If you know me, you are aware that I’m somewhat thrifty or some may say cheap when it comes to saving money on the road.


I’m not big on idling due to the wear and tear that it puts on the truck engine and the waste of fuel associated with this practice. For me, I sleep much better knowing that I’m saving money and not wasting fuel. I read a report earlier in my career that idling for an 8 hour period was somewhere equivalent to driving for 400-450 miles. I forget the exact numbers, but I remember it had an impact on me. I didn’t want my engine wearing out while I was sitting still.


If you have just started driving as an owner operator then you’re aware that fuel is one of the major costs of the business. Let’s just say that you idle your truck for four nights a week for ten hours. On average, you’ll use 1 gallon of fuel per hour. We’ll use a low number such as $3.50 per gallon for this scenario. 3.5 gallons x 10 hours = $35.00 per night. This cost is just on fuel alone and doesn’t take into account for the wear and tear on the engine. If you idled four nights x $35.00 the cost for fuel is $140.00 per week. At these figures, if you drove 48 weeks per year, the total cost comes to $6,720.00 in fuel cost alone.


If you saved this money by not idling, you would accumulate the money needed to purchase many modern conveniences for your truck. An “Aux. Power Unit” today costs approximately $8,000-$12,000. Once you can afford one of these, you’ll be comfortable in all weather conditions without having to idle your truck. I realize there are times when it’s too hot or too cold to go without heat or air but many nights, it is possible with a few low cost amenities.

 

This fan served me for many years before being put away into storage. I chose this fan as it had a maximum 3 amp draw from my batteries.

 


For years, in the summertime, I used a large high quality 12 volt fan in the side window of my sleeper. As long as the temperatures were below 80, I was able to be reasonably comfortable with the fan alone. The total investment cost for me back then for this piece was just $70.00. In the cold winter months, I used a 12 volt heating pad which pinned to the mattress. This pad kept me warm all night. However, in the morning when I slipped out from under the covers to get up, the truck was very cold.


In using these 12 volt accessories, it’s very important to know if your truck is equipped with a low voltage disconnect system. If so, the truck will disconnect all of your accessories before discharging the batteries to the level which would restart the truck. If not, there are many low cost battery guards which will plug onto the end of your accessories cord for just around $10-$15.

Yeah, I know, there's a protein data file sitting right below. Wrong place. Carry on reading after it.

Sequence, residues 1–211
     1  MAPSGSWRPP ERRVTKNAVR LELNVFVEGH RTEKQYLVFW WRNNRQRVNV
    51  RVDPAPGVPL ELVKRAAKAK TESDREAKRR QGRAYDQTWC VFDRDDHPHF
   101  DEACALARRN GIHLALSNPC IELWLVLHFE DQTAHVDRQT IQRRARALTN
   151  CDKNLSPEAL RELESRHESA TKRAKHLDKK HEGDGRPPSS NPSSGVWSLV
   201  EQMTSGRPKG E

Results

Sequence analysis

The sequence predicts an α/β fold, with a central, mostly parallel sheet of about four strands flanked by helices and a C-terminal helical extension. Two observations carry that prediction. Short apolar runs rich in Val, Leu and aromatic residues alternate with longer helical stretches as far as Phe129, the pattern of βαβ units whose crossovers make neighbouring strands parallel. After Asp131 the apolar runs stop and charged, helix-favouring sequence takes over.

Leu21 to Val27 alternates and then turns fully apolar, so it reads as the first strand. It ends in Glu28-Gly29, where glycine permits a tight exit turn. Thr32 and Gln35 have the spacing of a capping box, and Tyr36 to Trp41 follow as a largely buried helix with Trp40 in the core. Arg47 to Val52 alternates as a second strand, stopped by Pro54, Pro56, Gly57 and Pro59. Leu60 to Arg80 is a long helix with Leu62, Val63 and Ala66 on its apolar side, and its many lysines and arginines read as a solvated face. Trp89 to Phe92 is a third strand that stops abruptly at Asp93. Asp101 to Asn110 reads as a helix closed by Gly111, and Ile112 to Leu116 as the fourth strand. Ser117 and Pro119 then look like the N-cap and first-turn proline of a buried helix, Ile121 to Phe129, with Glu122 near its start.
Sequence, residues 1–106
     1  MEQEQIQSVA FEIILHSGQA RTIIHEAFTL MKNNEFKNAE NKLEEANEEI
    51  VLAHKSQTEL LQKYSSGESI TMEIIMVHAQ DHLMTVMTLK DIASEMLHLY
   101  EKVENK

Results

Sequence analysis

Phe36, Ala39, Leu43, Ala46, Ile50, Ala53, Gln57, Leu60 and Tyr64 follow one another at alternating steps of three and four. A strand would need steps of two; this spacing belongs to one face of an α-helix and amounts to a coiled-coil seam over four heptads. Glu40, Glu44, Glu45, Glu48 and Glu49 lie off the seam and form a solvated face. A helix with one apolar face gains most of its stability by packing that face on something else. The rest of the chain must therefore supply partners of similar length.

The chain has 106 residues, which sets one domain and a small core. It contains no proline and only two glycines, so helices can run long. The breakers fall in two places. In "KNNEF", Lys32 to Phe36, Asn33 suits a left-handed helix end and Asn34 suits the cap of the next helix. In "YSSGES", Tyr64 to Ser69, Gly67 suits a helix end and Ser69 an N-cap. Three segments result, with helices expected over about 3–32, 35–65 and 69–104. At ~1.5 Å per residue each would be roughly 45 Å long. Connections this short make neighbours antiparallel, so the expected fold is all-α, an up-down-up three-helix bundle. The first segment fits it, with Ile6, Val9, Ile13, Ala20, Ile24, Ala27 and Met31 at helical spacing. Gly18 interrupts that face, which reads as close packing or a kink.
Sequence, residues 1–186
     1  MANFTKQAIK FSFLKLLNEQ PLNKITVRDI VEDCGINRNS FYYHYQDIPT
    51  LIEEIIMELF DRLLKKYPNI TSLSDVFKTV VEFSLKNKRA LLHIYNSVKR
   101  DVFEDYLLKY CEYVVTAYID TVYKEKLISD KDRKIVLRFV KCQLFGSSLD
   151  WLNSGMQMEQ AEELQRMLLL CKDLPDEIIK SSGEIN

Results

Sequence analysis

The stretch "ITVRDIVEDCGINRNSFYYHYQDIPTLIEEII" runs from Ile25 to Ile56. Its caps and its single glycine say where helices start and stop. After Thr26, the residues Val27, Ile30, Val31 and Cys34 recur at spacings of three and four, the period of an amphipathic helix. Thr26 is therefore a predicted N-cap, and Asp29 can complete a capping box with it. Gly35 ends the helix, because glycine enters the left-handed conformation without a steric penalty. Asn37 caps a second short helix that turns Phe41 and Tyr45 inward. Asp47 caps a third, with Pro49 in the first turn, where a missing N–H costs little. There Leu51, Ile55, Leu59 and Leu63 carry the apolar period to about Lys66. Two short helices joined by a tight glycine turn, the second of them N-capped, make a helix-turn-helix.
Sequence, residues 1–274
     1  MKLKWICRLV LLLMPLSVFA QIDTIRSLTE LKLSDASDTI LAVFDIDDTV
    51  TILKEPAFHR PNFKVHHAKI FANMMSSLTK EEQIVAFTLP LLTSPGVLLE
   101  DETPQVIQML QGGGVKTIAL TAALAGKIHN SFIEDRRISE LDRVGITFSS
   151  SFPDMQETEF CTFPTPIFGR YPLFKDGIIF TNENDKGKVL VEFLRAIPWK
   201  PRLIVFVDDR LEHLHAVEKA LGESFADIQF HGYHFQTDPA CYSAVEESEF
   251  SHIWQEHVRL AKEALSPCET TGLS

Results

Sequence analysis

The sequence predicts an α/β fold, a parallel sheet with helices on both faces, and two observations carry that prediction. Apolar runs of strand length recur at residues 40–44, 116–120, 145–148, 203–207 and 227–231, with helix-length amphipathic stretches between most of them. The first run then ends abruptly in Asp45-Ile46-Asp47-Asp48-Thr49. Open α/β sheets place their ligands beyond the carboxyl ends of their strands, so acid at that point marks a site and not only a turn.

In referring back to my previous blog titled “Back to Basics”, many of you are award that I’m currently

 

 

My ElectroWarmth mattress heating pad is my low cost heating accessory.

driving a rental truck temporarily. This truck is not equipped with the latest heat/air comforts and therefore, I found myself digging for those old accessories as I’ve once again needed them for this rental truck. They’ve been packed away for eight years now and to my surprise they still work! I’m back to using the window fan on these hot summer nights. Winter is just around the corner therefore, I might just get to use the heating pad as well. So far, I’ve not idled in the rental truck at all.


Over these eight years, I’ve come to enjoy the comforts of air conditioning and heat in the truck. However, getting back to the basics is still possible if needed.

 

Comments (8)

Henry Albert

Henry Albert is the owner of Albert Transport, Inc., based in Statesville, NC. Before participating in the "Slice of Life" program, Albert drove a 2001 Freightliner Century Class S/Tâ„¢, and will use his Cascadia for general freight and a dry van trailer. Albert, who has been a trucker since 1983, was recognized by Overdrive as its 2007 Trucker of the Year.

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I've been using my box fan for years. Not only at night but while I'm driving to keep the AC off thus saving fuel.

September 07, 2014 16:54:36 PM

For the winter a good sleeping bag was a must I would often put on my long johns the night before which made dressing the next morning a bit quicker and warmer. Thanks mom for giving me the coldest bedroom in the house as a kid!!!

On a side note many companies are ordering sleepers with the tiny vents or no openings for the bottom of the sleeper at all which makes staying cool a real challenge

September 06, 2014 9:18:23 AM

Its funny how we survived in years gone by with all those 12v accessories. I had the heated blanket, the fan like yours Henry, coffee maker, fry pan and small pot. They were a great way to get by when away from home.I too am spoiled by my ParkSmart system, microwave and inverter.

September 04, 2014 20:57:46 PM

Hey you know what they say $ if it don't make money it don't make $$$$$.

September 03, 2014 17:08:37 PM

Oh yes-- Pre-Apu living. Spent many a night and day trying to stay comfortable.

September 03, 2014 10:38:59 AM

This is some great advice, Henry! No use in wasting the money if you can just get a little creative.

September 03, 2014 10:05:58 AM

I use a fan, breezes screens, and a 12 volt bunk warmer that pins to the mattress. The bunk warmer has kept me warm even when it's 8 degrees outside.

September 03, 2014 8:59:07 AM

My park smart system has spoiled me. But, yes I was a camper. Running almost all upper Midwest cooling was rarely a problem. Pre cooling the sleeper usually worked. Winter time I kept a good sleeping bag and got good at dressing quickly.

September 03, 2014 5:50:05 AM